We flew from Zurich to London City Airport. Rather a strange experience to circle over London, and land, next to a water-skier. On the cabin-trolley in the plane was a pilot-bear. Remember the Red Baron in the Peanuts cartoons. World War Flying Ace, little leather pilot’s jacket, with sheepskin lining. Goggles to protect his eyes. Leather helmet, with two ears sticking out. And a white silk scarf to trail in the jet-stream. Pilot Bear still sits in our living-room next to a hand-crafted wooden aeroplane, once made for a very Young Ungardener.
And in London, we bought the Ungardener two Mamod steam trains. Which lurked in their boxes, waiting to travel the world. A few circuits in Zurich, just to see if they worked. Then Cape Town. Finally in this garden, he had the time and space to build the Elephant’s Eye Light Railway at Apple Creek. (Sadly the steam engines are awaiting further attention.)
Apple Creek is one of our two swales, our rain garden. We have two 500 litre tanks to capture half of the rainwater from the roof (the other half is shared between the pond and the Spanish reed bed). When the tanks are full, the overflow goes to the pond and Apple Creek. Creek, swale, whatever, it is a hollow to capture the rain, and allow it to soak in, and do some good. Soften summer’s baked clay and soak down to the thirsty roots. Instead of flowing away, to neighbours, storm-water drains, rivers, and the sea.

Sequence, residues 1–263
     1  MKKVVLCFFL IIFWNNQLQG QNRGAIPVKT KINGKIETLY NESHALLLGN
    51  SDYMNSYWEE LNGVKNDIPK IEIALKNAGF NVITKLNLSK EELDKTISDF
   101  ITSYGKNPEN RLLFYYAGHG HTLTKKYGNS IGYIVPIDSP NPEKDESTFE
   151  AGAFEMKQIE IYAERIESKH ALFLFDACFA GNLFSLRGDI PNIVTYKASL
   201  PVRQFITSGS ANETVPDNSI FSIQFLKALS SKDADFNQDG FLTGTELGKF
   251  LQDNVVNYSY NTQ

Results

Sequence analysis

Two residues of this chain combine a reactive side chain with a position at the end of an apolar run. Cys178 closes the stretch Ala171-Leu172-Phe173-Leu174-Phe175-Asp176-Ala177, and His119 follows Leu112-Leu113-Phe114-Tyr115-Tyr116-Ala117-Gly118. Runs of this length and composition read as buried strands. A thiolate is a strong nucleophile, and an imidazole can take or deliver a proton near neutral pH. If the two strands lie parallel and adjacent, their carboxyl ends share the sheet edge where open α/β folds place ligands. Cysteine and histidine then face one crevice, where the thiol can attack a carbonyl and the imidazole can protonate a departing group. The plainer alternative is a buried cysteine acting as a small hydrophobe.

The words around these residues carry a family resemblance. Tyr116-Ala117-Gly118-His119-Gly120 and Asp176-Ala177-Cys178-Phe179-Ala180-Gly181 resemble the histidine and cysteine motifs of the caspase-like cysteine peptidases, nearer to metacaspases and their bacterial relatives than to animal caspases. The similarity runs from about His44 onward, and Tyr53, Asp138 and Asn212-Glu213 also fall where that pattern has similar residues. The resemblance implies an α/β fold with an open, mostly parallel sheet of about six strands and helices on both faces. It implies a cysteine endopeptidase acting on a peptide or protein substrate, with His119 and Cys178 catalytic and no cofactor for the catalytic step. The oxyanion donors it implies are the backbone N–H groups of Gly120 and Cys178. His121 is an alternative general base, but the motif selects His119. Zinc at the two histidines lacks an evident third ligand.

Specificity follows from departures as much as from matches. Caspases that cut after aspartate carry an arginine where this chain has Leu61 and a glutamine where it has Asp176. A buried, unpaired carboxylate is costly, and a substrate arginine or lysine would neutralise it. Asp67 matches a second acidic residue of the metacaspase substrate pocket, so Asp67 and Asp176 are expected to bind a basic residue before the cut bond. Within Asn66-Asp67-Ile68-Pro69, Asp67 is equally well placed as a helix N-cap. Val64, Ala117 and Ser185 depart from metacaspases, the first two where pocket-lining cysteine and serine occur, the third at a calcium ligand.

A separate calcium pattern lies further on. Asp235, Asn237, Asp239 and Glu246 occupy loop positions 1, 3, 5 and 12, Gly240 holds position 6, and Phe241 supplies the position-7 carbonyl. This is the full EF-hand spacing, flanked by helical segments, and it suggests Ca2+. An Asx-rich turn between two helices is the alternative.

You know how you start a new bit of garden. Dotting the pots around. Shall we have that there? And now it is so green, and overgrown - that I look at these pictures. And wonder if that IS still there, under the bulrushes and the reeds? I did see a few arum leaves, so will have to make sure they have a space to come thru.
This Apple Creek bed is very pleasing to look at. Gives the eye somewhere to rest. Simple green, just a few plants, repeated. The scattered flowers are mostly white, pelargoniums and Plumbago. A little gentle sky blue Plumbago, also easy on the eye. And delicate, fragile, little soft pink flowers on the citrus pelargonium. The Ungardener does top up the swale occasionally in summer, so the reeds have their roots in the damp ooze of a bog garden. Another place for the four o’clock clicking reed frogs to travel thru.
Apple Creek because we inherited four apple trees. One died, we still have 3, and a handful of apples coming.
Photos by Jurg and Diana, words by Diana of Elephant's Eye